Poisedness and Propagation: Organizational Emergence and the Transformation of Civic Order in 19th-Century New York City
The emergence of novelty, especially of new categories of people and organizations, is undertheorized in the social sciences. Some social worlds are more hospitable to novel introductions or exogenous perturbations than others. Explaining this relative "poisedness" is essential to understanding when and why new organizational forms appear, persist, and expand, both cognitively and geographically. We offer a comparative analysis of two cases of emergence in 19th-century New York City that examines the conditions under which a new organizational form - a research-intensive botanical garden - developed and took root. We show that social worlds are highly poised when environmental, intellectual, and civic factors have reinforcing consequences. Poisedness is amplified when the social character of the individuals produced by specific historical milieux attunes these innovators to the larger social and material processes that favor the creation of new modes of organization. Although our analysis of poisedness is fixed on a specific time and place, New York City over the course of the 19th century, our arguments about the emergence of new organizational forms apply readily to other settings and time periods.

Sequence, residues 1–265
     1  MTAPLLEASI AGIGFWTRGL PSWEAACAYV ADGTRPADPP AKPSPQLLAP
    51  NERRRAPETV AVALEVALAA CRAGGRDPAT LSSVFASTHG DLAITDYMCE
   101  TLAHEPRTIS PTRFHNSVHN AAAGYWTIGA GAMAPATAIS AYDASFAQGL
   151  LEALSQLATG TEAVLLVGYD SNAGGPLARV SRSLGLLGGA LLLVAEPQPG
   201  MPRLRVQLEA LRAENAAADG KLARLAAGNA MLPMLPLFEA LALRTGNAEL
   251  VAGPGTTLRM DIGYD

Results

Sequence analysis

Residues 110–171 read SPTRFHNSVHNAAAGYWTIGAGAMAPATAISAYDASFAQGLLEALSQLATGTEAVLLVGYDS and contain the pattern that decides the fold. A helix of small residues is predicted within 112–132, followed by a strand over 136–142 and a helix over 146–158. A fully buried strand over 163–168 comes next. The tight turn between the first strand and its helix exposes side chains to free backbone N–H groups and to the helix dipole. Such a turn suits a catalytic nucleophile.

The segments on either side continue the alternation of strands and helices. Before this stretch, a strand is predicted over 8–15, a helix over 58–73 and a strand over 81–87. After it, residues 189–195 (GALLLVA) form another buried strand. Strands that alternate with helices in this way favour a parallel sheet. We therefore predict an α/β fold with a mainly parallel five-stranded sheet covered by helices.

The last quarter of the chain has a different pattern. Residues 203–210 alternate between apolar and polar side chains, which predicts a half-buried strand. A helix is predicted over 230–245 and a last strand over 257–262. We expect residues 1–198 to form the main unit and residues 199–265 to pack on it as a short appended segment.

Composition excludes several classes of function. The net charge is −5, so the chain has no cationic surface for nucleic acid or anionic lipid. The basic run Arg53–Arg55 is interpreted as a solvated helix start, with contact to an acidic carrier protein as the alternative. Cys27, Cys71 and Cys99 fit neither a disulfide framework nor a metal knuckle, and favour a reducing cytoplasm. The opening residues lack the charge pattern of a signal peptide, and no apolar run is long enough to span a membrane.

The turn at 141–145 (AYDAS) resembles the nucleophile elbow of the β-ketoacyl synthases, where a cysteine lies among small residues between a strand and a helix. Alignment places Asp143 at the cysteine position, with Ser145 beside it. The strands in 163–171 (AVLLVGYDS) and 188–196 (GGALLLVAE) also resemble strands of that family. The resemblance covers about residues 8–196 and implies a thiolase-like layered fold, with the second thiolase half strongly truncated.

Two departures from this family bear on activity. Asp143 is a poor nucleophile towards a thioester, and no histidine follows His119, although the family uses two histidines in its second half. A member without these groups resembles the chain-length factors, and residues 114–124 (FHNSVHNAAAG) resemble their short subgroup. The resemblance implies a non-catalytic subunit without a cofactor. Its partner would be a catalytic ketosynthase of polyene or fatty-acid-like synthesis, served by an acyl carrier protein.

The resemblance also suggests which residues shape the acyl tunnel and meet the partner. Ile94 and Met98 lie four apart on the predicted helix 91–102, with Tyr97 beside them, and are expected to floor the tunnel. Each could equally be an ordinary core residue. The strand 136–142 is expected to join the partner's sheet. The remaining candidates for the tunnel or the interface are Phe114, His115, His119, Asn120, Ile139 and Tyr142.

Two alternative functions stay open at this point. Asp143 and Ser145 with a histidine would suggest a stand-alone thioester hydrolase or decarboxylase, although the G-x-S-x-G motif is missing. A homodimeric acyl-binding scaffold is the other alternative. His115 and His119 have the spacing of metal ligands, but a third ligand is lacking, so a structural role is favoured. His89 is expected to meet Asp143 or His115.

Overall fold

We are very grateful to Rebecca Sunde for exceptional research assistance. We have benefited from comments from the participants in seminars at the University of Mannheim, the Wirtschaftsuniversität Wien, the University of Cambridge, the National Bureau of Economic Research’s Economic History Workshop, and the Economic Sociology and Networks and Organizations workshops at Stanford, as well as from Howard Aldrich, Tim Bartley, Julie Battilana, Christof Brandtner, Patricia Bromley, Joon Nak Choi, Nitsan Chorev, Jeannette Colyvas, Avinash Dixit, Mark Granovetter, Mauro Guillén, Ira Katznelson, Naomi Lamoreaux, Margaret Levi, Jonathan Levy, Mark Mizruchi, Chandra Mukerji, Wanda Orlikowski, Jason Owen-Smith, and Charles Perrow. The views expressed herein are those of the authors and do not necessarily reflect the views of the National Bureau of Economic Research.
Organizational Poisedness and the Transformation of Civic Order in Nineteenth-Century New York City, Victoria Johnson, Walter W. Powell. in Organizations, Civil Society, and the Roots of Development, Lamoreaux and Wallis. 2017